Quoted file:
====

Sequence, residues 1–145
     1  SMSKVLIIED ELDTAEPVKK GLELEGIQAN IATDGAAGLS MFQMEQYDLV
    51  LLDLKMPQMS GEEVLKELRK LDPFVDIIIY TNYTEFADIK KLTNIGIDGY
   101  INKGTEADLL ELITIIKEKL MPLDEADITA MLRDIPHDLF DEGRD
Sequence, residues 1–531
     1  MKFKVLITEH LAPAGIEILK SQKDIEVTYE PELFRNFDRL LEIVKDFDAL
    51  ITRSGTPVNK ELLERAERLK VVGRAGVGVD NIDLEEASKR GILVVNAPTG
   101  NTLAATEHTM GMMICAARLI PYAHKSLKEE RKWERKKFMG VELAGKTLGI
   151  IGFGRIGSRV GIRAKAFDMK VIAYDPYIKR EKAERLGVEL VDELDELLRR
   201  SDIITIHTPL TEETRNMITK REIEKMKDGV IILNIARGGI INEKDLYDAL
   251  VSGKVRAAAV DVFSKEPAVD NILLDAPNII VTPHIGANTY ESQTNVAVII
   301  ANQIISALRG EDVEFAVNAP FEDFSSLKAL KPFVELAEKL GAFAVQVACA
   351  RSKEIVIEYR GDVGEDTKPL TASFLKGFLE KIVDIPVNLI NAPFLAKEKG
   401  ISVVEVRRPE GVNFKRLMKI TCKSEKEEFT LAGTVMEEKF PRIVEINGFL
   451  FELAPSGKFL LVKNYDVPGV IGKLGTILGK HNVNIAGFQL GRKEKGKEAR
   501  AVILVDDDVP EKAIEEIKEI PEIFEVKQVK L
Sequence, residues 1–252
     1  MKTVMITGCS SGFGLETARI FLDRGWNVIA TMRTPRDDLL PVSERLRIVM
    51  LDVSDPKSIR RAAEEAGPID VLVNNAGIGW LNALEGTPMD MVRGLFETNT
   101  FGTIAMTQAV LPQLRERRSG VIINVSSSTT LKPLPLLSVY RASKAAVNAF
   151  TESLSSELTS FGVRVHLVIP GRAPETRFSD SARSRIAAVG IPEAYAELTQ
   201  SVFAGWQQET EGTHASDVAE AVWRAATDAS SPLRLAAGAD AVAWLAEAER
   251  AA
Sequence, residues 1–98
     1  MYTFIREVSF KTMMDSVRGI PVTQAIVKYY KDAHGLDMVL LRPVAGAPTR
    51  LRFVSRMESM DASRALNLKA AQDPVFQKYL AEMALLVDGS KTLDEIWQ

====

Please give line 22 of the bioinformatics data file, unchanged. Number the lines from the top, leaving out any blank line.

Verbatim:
   201  SVFAGWQQET EGTHASDVAE AVWRAATDAS SPLRLAAGAD AVAWLAEAER